# Simulation of the Taylor-Couette flow

Coded by Paul Valcke and Luis Bernardos. This codes shows the simulation of a flow around a cylinder. We solved this problem using the steady Navier-Stokes equations. Velocity-pressure non-linear coupling is solved by means of a Newton method, based on the Jacobian matrix. In this code we use a first-order march in time for integrating through time.

There exist an analytical solution for this flow, then we compare it with theory in the last section of this page.

# Preliminary thoughts about the flow

The Taylor-Couette flow consists on two concentrical cylinders. The outter-most cylinder rotates at constant speed, adding a rotational velocity to the interior flow by means of the viscosity. This phenomena is used for measuring the viscosity of fluids.

Through this code we want to perform a calculation of the airflow taking into consieration that we want to use a “deformed” circular mesh, and we want to solve the cartesian-Steady Navier-Stokes equations:

\displaystyle u_j\partial_ju_i = -\partial_ip + \frac{1}{Re}\partial_{jj}^2u_i

Ultimately, we want to compare the velocity profile obtained with the theoretical one.

clear all; clf;


# Parameters

Here the user can change the geometry and physics of the flow.

%%%% parameters
Re=10; % reynolds number
Rmax = 1; % Outter cylinder radius
Rmin = 0.5; % Inner cylinde radius
Ntheta=101; % number of grid nodes in theta
Nrho=30; %number of grid nodes in rho
pts=5; % number of points in finite difference stencils
alpha=1; % Under-relaxation
maxIter = 200;
resSTOP = 1e-5;

Lx = 2*pi*Rmax; Lx_vector = linspace(0,2*pi,Ntheta);
Ly = Rmax-Rmin;

% differentiation
[d.x,d.xx,d.wx,x]=dif1D('fd',0,1,Ntheta,pts);
[d.y,d.yy,d.wy,y]=dif1D('fd',0,1,Nrho,pts);
[D,l,~,~,Z,I,NN]=dif2D(d,x,y);


# Mesh

We make use of Lspacing for shrinking the mesh near the walls. Also, we make use of map2D for transforming the differentation matrices.

% Meshing
[Theta, Rho] = meshgrid(linspace(0,2*pi,Ntheta),Rmin + Lspacing(Nrho,1,Rmax-Rmin));
[X, Y] = pol2cart(Theta,Rho);
D=map2D(X,Y,D);
D.lap=D.yy+D.xx;

u=(1:NN)'; v=u+NN; p=v+NN;
II=speye(3*NN);
DD=blkdiag(D.y,D.y,D.y);


# Boundary Conditions

The boundary conditions are all-dirichlet. No input nor output flow for this case. However, as the mesh joins itself at the overlapping boundary, a link condition has to be established, in both the continuity of u, v and p as well as the derivatives normal to the overlapping boundary (tangency of the unknowns).

% Boundary Conditions
dir=[l.top;l.bot]; % where to put Dirichlet on u and v
lnk1=[u(l.left); v(l.left); p(l.left)];
lnk2=[u(l.right); v(l.right); p(l.right)];
p0loc=1;
loc=[u(dir); v(dir); p(p0loc); ... % Dirichlet

C=[II([u(dir);v(dir);p(p0loc)],:);% Dirichlet on u,v at walls
II(lnk1,:)-II(lnk2,:); % Continuity of the value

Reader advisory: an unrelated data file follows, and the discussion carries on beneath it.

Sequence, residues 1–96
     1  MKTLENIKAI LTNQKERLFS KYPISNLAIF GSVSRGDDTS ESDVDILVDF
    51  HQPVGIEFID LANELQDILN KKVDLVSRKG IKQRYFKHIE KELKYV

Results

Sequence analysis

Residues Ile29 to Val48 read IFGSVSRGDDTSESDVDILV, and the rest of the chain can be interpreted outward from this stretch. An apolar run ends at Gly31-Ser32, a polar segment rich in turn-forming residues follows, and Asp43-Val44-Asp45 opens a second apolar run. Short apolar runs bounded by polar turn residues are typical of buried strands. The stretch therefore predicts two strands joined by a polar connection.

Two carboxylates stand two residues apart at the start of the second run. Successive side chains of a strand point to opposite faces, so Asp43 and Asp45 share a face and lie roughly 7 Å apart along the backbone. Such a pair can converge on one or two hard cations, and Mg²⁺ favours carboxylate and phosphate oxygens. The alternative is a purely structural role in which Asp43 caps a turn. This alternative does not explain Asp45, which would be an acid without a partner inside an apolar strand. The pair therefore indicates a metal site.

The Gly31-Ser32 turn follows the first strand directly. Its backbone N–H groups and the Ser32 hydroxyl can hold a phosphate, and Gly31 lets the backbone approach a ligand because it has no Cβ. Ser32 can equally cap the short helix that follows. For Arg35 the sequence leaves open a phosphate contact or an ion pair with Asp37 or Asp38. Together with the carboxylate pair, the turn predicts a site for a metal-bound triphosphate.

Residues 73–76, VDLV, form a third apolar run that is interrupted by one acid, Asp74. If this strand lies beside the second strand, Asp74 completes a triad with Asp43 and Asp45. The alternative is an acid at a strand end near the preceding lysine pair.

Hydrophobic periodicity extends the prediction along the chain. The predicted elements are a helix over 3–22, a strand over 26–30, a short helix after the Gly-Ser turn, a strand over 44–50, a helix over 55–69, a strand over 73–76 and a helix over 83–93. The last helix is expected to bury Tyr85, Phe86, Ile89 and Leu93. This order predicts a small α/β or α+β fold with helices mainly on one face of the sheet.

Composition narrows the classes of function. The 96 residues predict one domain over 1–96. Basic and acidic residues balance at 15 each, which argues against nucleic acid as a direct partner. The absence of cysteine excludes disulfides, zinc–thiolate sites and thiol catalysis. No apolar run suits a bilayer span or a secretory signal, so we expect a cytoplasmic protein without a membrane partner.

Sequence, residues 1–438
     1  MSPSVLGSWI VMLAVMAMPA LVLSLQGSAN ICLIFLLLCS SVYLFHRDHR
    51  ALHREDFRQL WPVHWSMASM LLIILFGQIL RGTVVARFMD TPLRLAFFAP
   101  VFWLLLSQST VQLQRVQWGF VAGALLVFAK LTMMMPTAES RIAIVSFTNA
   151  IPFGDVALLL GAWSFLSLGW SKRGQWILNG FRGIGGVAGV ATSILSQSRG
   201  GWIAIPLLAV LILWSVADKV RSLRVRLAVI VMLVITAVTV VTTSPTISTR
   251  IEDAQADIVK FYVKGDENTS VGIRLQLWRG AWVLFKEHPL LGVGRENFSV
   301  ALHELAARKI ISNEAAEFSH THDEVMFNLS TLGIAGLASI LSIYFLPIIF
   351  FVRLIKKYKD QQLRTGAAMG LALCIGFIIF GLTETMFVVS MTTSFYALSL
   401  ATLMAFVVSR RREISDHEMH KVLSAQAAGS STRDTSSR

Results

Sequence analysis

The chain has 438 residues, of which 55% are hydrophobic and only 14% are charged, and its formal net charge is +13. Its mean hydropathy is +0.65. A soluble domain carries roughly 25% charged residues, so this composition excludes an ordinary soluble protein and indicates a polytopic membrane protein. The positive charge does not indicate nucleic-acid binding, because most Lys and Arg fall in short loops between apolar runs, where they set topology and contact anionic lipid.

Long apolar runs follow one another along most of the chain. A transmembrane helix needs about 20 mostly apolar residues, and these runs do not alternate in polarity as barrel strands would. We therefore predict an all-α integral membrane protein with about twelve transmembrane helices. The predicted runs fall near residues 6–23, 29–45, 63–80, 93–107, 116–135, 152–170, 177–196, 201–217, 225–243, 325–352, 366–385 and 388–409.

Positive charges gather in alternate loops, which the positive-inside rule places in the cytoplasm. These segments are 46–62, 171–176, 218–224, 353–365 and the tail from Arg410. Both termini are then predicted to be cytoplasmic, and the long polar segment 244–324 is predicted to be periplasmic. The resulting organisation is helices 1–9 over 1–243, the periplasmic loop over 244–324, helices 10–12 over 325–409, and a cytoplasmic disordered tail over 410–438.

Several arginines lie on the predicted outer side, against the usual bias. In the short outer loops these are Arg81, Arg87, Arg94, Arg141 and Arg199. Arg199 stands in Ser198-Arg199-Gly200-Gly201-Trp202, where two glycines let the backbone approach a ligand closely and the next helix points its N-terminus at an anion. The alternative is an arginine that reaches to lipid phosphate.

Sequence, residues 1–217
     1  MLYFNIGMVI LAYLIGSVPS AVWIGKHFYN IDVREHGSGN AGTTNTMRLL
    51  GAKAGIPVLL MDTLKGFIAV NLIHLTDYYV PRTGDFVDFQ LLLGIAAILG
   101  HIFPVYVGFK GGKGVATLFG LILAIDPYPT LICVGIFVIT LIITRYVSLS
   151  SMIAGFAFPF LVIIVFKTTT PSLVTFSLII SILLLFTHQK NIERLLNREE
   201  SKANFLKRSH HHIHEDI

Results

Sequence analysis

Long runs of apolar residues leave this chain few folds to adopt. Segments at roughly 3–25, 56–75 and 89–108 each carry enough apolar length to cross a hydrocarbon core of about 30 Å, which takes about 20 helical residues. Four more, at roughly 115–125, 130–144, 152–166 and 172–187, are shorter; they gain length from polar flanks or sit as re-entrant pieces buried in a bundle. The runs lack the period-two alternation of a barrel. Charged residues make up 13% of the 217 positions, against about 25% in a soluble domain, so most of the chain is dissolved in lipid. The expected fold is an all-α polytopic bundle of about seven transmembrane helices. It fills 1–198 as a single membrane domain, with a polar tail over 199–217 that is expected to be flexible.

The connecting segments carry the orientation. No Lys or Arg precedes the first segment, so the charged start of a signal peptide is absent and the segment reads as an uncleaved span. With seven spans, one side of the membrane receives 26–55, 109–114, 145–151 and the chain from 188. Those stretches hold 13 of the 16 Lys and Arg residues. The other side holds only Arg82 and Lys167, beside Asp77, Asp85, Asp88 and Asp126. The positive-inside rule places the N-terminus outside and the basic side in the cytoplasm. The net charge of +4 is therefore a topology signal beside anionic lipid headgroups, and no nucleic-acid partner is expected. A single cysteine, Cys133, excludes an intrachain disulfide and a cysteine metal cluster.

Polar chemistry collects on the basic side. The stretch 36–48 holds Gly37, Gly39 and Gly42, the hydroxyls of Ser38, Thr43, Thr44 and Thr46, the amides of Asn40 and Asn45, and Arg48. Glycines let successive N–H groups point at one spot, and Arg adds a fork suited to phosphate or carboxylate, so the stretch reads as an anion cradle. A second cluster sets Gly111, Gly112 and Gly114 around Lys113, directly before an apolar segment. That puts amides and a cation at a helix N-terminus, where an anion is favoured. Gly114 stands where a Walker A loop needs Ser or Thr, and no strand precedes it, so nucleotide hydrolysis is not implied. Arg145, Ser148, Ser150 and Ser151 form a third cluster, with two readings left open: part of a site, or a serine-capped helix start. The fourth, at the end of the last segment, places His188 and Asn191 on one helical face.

DD(lnk1,:)-DD(lnk2,:)]; % Continuity of the normal derivative


We compute a suitably initial guess that will easen the convergence and reduce the number of iterations.

% initial guess
Ur=Rho-Rmin; % Modulus of the tangent velocity imposed on the outter cylinder.
U=-sin(Theta).*Ur;
V=cos(Theta).*Ur;
P=0*X(:);

q0=[U(:);V(:);P(:)];


# Calculation

% % STEADY
% Newton iterations
disp('Newton loop')
q=q0;
quit=0;count=0;
while ~quit

% the present solution and its derivatives
U=q(u);
V=q(v);
P=q(p);
Ux=D.x*U; Uy=D.y*U;
Vx=D.x*V; Vy=D.y*V;
Px=D.x*P; Py=D.y*P;

% nonlinear function
f=[-(U.*Ux+V.*Uy)+(D.lap*U)/Re-Px; ...
-(U.*Vx+V.*Vy)+(D.lap*V)/Re-Py; ...
D.x*U+D.y*V];

% Jacobian
A=[-( spd(Ux) + spd(U)*D.x + spd(V)*D.y )+(D.lap)/Re, -spd(Uy), -D.x; ...
-spd(Vx),  -(spd(Vy) + spd(V)*D.y + spd(U)*D.x )+(D.lap)/Re, -D.y; ...
D.x, D.y, Z];

% Boundary conditions
f(loc)=C*(q-q0);
A(loc,:)=C;
The following commented lines are used for determining whether the matrix A is 

inversible or not. If the solution of Agives a NaN, then it can be beause A is not inversible.

%     % checking the null space of A
%     [UU,S]=eig(full(A));
%    s=diag(S);  [t,o]=sort(-real(s));
%    s=s(o); UU=UU(:,o);
%    rem=abs(s)>1000; s(rem)=[]; UU(:,rem)=[];
%
%    sel=abs(s)<1e-5;
%    s=s(sel), UU=UU(:,sel);
%
%    for num=1:length(s);
%    subplot(3,3,num)
%        U=UU(u,num);
%    V=UU(v,num);
%    P=UU(p,num);
%
%    nu=norm(U)
%    nv=norm(V)
%
%    surf(X,Y,reshape(abs(P),Nrho,Ntheta)); view(2); hold on
%      quiver(X,Y,reshape(U,Nrho,Ntheta),reshape(V,Nrho,Ntheta));
%    end
%
%
%     break

% plotting
Module = sqrt((U.^2+V.^2));
hold on
uu=reshape(U,Nrho,Ntheta); vv=reshape(V,Nrho,Ntheta);
quiver(X(1:5:end,1:5:end),Y(1:5:end,1:5:end),uu(1:5:end,1:5:end),vv(1:5:end,1:5:end));
xlabel('x'); ylabel('y'); title(sprintf('Taylor-Couette Pressure coloured field\nand velocity vector field')); grid off;hold off
axis([-1,1,-1,1]*Rmax)
hold off
drawnow

% convergence test
res=norm(f);
disp([num2str(count) '  ' num2str(res)]);
if (count>maxIter) || (res>1e5); disp('no convergence');break; end
if res<resSTOP; quit=1; disp('converged'); continue; end

% Newton step
q=q-A\f;
count=count+1;
end

colorbar;
set(gcf,'paperpositionmode','auto')
print('-dpng','-r80',sprintf('TaylorCouette.png'));


# Results and Validation Overall velocity representation.

The Taylor-Couette flow phisically has a linear velocity profile between the inner cylinder and the outter cylinder. Therefore, the velocity profile will be V_{th} = -R_{min} + \frac{U_{rot}}{R_{max}-R_{min}}\rho. Excellent agreement between theory and calculations is reached: Comparison of velocity profiles.

x_plot = X(l.left);
V_theory = -Rmin + (max(max(Ur))/(Rmax-Rmin)).*x_plot;
figure;
plot(x_plot,V_theory,'-r','DisplayName','Theoretical'); hold on
plot(x_plot,V(l.left),'ob','DisplayName','Calculated'); hold off
grid on;